I might go and ask them if there is something special with it…
The measurement is correct it’s 1/4 cup of cocoa butter right?

Thank you
I will let you know if I try it again with another brand

Yes Thomas I am a Chef in Australia and that Cacao Butter is more than likely virgin cacao butter – I have never seen refined cacao butter here so as you warned this is why the recipe tasted like cacao.

Cheers – well done on the recipe – I have to find the correct cacao butter to give it a try.

Just FYI
Cocoa butter is sold in (at least) two variants: crude and deodorised. Crude is just filtered after the butter is separated from the cocoa mass and still contains lots of flavours and aromas. Deodorisation is done with steam. Chocolate makers typically want to add deodorised cocoa butter to their chocolate recipes, because they don’t want to introduce an additional flavour offset (they want to let the flavour be defined by the cocoa mass and additional flavourings only). Also, deodorised keeps better, which is important for the food industry.
Since plenty of people interested in the type of recipes on this blog are probably buying from organic/raw/whatever sources, chances are high you indeed bought an unrefined butter. Like Thomas writes: deodorised shouldn’t have more than a faint cocoa aroma.

Thank you for the tip!!
I just bought some deodorized after your advice 🙂
Hope the next one will be better!

5 stars
Thank you for this!

I tried 4 other recipes before finding your version, but none taste as close as yours.

Your title isn’t false advertising, it is really the best vegan foie gras.


Bonjour. Quelle est la quantité d’eau nécessaire pour cette recette? Ce n’est pas indiqué dans la liste des ingrédients. Merci par avance.

Merci! Je le fais ce soir 🙂 .

Bonjour Thomas!
Merci pour ta recette! J’aimerais la tester pour le repas de Noël de samedi mais j’ai couru tous les supermarchés bios et les boulangeries, impossible de trouver du beurre de cacao desodorisé.. J’en ai commandé sur internet mais pas sûr qu’il arrive à temps..

Pense tu que je puisse faire sans? Ou bien en le remplaçant par plus d’huile de coco, ou bien un autre ingredient qui ferait l’affaire?

Merci pour ta reponse! Au final le colis vient d’etre livré donc je m’y mets 🙂

Bonjour Thomas,
J’ai très hâte d’essayer votre recette. Je me demandais si vous avez essayé de le cuire?

5 stars
WOW tried this for christmas and it was delicious, thank you so much for the recipe!! Everyone loved it 🙂
The texture is perfect, tender and firm, melting in the mouth.. The flavors are fine and the mix of those different ingredients really reminds the taste of foie gras!
Bravo Thomas!!

5 stars
Thank you for this amazing recipe: truly a culinary accomplishment! I just made it and it is already delicious – I cannot wait to see how it tastes after 24 hours. I plan to serve it at parties and special occasions in the future.

I followed the recipe exactly except that I forgot the pepper, oh well. I don’t miss it but will add it next time.

Just in case anyone is curious, these are the gram measurements I ended up with (I didn’t weigh the liquid ingredients, the salt or the shiitake powder):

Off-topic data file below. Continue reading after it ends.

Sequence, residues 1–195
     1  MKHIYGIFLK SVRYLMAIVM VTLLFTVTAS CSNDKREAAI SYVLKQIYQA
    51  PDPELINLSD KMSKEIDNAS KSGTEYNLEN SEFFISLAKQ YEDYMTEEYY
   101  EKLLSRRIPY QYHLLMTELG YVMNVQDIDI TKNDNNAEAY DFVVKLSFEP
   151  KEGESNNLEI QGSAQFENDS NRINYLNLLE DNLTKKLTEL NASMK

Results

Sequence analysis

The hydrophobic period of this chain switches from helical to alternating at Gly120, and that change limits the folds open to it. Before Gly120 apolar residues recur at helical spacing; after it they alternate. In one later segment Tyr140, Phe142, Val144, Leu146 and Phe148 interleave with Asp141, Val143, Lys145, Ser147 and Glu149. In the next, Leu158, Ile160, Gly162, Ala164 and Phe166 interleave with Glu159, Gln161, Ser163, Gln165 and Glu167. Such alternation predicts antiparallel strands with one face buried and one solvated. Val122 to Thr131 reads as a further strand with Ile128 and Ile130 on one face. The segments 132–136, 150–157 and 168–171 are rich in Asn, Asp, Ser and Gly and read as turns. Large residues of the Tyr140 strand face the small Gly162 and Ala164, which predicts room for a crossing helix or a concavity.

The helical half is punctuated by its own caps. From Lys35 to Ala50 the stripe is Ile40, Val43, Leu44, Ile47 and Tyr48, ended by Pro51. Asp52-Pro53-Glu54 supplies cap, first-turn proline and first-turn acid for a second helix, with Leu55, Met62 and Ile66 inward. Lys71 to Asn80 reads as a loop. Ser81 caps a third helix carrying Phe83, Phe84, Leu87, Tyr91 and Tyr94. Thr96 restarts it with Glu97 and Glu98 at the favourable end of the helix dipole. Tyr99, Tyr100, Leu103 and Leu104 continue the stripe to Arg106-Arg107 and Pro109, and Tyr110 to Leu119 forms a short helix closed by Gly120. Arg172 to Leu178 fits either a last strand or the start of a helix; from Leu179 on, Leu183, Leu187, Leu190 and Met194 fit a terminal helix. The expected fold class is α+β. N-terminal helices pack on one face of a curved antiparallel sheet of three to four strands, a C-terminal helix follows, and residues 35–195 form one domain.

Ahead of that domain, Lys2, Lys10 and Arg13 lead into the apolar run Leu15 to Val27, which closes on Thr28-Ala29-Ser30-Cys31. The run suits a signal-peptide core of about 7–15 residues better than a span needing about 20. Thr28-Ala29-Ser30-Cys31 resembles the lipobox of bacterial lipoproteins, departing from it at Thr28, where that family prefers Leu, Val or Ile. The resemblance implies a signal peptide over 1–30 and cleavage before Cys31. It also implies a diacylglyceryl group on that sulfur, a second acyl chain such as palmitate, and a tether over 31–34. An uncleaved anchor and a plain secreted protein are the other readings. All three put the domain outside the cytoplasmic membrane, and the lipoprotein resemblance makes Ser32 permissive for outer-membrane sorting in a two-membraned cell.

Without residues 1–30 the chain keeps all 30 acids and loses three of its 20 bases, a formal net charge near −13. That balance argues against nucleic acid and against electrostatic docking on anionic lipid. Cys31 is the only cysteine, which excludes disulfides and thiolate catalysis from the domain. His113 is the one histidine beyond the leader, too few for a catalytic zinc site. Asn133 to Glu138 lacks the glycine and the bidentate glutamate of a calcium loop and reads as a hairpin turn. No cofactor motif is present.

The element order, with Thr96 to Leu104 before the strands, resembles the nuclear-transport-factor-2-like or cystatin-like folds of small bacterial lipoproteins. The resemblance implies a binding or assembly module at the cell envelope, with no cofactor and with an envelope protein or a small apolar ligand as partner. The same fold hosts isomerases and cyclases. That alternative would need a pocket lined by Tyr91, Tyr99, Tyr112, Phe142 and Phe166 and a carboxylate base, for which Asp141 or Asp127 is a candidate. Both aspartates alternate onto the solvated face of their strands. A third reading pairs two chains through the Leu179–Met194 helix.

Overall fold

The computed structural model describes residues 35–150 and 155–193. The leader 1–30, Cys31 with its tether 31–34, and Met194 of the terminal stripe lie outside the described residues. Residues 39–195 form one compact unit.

230 g cashew nuts
45 g deodorised cocoa butter
45 g deodorised coconut oil
53 g white miso (Hikari shinshu shiro)
31 g tahini
7 g nutritional yeast flakes

Hi Thomas,

I don’t drink alcohol. If I don’t use the Cognac in the recipe will it make a big difference in the finished product?

thank you…can’t wait to try making your cheeses, thank you for all your hard work and kindness!

Hello Thomas,

thank you for responding so quickly. That is excellent helpful information and good tips.
Keep up the amazing work!

5 stars
Hey Thomas !

Your recipe looks amazing ! One quick question though, regarding the Cognac : shouldn’t I reduce it in a pan before adding it to the mixture ? I’m afraid it’s going to give a very strong alcohol taste to the whole thing, and after all, when making foie gras, the Cognac (I usually mix it with White Porto) is always cooked with the liver, and only the sugar remains.

What’s your opinion on that?!

Hi Solène,
For different reasons, I didn’t want alcohol in this terrine, so I bought a little bottle of cognac and flambéd it (watch out for your hair, the stuff goes up much more quickly and much higher than, say, port wine). You can keep the leftover flambéd booze in the fridge and use it for other recipes.
Hope that helps and that you’ll enjoy this treat as much as we did.

The safest way I’ve found is this: pour your cognac into a small, high-sided saucepan, bring to a boil. TURN OFF the heat, after having first ignited the end of a bamboo skewer (I suppose long fireplace matches would work as well). Stand back and lower your lit skewer down towards the surface of the cognac — and watch the flames.
Hope this helps!

Before I attempt making the Vegan Foie Gras, I have a question. My daughter has a terrible aversion to coconut oil. Can I substitute avocado or grape seed oil? Or, can I double the amount of cocao butter? I’m terribly excited about making this as I have never tasted the original.

Thanks so much.

Hi Thomas,
Thank you for sharing this recipe.
I have been trying to find a truffle oil that is not made using synthetic ingredients. I might give up and leave the truffle oil out.
I am sorry if someone has already asked, but do you think it’s worth doing the recipe if I leave out the truffle oil?

I am very excited to try this recipe. I ordered the deoderized cocoa butter wafers following your link to Amazon. I just received them and the package says “use externally either alone or as an ingredient in homemade natural soaps, body butters etc..”. Is it okay to eat? It seems to be for body products only, not food. Please advise. Thank you!

There is a HUGE difference between food grade and cosmetic grade products. The most obvious is that the solvents and other processing chemicals may not be safe to consume. The equipment, transportation and packaging also have different requirements and may contain unsafe chemicals. Do not trust reviewers, be sure to eat only products labeled as being safe to eat, period!

The current link in the recipe is NOT deodorized coco butter. I ordered it and used it in this recipe and the end result is ….. well not “foie gras”.

I try again with deodorized coco butter. Thank you.

I love the creativity and it looks great, maybe you should call it “Mock-Foie Gras” instead? Since the definition of the word means “fatty liver”. Anyway nice job!

Hey Thomas! Just wanted to say thanks for the recipe! It’s absolutely amazing!